How to Create a One-Piece-Flow Production Line

Car frame being made in automobile factory.
Car frame being made in automobile factory. (Image: pierrephoto/iStock/Getty Images)

The assembly line is an optimal choice for a large-scale manufacturing process for the creation of vehicles or other heavy industrial equipment. However, it isn't optimal for smaller firms that don't need to keep up with large orders. For these companies, a one piece flow production line, where workers accompany a product through the entire manufacturing process, may be more appropriate. Setting up a one piece flow line is easier with less manufacturing equipment.

Create a written breakdown or module drawing of your manufacturing process, breaking up the entire process into smaller process groups, each of which takes place in its own station. Separate these different processes so that each process group takes about the same amount of time to complete.

Rearrange your manufacturing facility so that it reflects the process breakdown that you created. This will usually require heavy remodeling for large-scale manufacturing operations. Arrange your manufacturing process so that workers travel with the product in a "U" shape, maximizing your space within your facility.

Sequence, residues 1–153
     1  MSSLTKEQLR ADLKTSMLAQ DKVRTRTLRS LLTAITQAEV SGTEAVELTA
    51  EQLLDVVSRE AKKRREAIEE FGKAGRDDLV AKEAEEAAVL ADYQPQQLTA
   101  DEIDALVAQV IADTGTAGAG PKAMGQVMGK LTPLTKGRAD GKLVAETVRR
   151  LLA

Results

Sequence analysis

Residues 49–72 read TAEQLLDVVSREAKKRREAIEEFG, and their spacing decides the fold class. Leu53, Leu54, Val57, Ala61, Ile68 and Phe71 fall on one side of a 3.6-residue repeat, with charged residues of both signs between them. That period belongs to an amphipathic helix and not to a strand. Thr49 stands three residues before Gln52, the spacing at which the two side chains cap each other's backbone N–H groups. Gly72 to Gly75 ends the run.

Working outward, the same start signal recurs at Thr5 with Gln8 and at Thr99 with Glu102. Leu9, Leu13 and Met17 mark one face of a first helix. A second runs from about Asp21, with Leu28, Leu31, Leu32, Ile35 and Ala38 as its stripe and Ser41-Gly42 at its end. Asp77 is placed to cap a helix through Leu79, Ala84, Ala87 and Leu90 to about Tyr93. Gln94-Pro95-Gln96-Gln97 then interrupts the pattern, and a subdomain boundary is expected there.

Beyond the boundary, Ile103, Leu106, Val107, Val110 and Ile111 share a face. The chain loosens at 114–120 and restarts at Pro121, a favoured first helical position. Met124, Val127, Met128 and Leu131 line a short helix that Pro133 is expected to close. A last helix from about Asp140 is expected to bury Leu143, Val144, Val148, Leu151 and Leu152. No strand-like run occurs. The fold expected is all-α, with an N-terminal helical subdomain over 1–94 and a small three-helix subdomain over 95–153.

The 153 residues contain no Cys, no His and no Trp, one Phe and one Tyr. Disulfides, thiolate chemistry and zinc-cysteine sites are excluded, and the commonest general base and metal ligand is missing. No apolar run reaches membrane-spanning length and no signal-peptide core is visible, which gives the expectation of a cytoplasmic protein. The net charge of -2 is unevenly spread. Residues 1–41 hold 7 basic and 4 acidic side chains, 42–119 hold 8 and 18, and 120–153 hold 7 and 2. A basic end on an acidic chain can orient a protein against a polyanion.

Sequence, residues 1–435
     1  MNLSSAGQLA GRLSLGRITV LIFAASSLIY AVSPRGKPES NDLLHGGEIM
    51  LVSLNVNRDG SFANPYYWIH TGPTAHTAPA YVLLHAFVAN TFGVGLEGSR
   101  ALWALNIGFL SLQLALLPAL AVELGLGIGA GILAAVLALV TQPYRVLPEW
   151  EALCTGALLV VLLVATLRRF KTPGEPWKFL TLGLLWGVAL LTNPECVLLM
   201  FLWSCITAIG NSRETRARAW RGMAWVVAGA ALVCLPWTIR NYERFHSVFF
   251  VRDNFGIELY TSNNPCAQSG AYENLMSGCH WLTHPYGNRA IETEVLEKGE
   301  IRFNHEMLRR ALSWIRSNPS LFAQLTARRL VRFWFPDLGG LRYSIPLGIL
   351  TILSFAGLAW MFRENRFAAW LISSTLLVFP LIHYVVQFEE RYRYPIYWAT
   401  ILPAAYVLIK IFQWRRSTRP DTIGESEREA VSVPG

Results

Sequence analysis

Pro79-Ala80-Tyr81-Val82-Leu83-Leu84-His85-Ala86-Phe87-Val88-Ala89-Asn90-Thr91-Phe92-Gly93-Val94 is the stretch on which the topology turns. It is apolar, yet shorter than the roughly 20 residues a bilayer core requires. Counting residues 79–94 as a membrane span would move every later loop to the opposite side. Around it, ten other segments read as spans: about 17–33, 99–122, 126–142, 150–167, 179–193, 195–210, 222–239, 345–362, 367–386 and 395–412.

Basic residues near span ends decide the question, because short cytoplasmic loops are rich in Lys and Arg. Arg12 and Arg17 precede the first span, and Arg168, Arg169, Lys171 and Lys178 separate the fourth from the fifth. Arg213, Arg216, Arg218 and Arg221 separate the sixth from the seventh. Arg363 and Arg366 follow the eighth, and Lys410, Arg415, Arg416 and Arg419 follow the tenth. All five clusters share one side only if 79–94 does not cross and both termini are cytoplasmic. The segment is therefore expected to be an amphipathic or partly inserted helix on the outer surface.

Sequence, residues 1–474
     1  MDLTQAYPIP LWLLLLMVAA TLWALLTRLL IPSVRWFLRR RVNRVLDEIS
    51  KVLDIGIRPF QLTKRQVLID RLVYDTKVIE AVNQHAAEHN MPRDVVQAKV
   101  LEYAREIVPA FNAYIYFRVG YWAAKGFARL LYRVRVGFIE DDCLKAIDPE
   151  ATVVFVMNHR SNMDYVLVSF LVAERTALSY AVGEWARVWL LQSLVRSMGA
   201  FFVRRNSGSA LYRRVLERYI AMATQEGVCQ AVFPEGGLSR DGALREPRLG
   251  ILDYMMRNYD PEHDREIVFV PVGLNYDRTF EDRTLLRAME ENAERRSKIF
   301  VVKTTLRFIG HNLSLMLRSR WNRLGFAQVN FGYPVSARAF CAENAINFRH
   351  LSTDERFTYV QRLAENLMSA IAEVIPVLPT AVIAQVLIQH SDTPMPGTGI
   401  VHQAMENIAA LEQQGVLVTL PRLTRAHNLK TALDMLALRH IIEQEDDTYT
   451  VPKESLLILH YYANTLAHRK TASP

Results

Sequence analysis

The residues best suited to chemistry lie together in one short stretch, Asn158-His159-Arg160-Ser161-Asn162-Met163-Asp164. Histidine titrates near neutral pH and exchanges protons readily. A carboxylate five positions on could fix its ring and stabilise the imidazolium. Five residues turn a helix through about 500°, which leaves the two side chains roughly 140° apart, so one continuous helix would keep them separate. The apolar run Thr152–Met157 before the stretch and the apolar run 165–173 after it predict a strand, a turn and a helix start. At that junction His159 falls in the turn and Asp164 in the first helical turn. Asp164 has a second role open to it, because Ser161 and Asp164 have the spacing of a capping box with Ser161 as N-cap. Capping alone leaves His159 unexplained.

Separate your employees into work groups, or work cells. Each group will be responsible for the entire manufacturing process for one product. You will typically need to retrain employees to handle new equipment or hire new ones to maintain production flow.

Create an hour-by-hour work schedule for employees that indicates what work group should be at what station at a certain time. One work group must hold production on their product if the next work group hasn't left its station, making proper scheduling crucial. Align employee shifts so that no products are left unfinished when employees go home for the day. Leave some extra time in the schedule to account for unexpected problems in the manufacturing process.

Tips & Warnings

  • Ensure that your one piece flow production line closely aligns with your takt time, or rate of customer orders, to maximize your manufacturing efficiency. Some manufacturing process take too long to complete, making one piece flow production inefficient.
  • Without a large degree of machine automation in the manufacturing process, one piece flow production can actually hinder manufacturing through the increased risk of human error.

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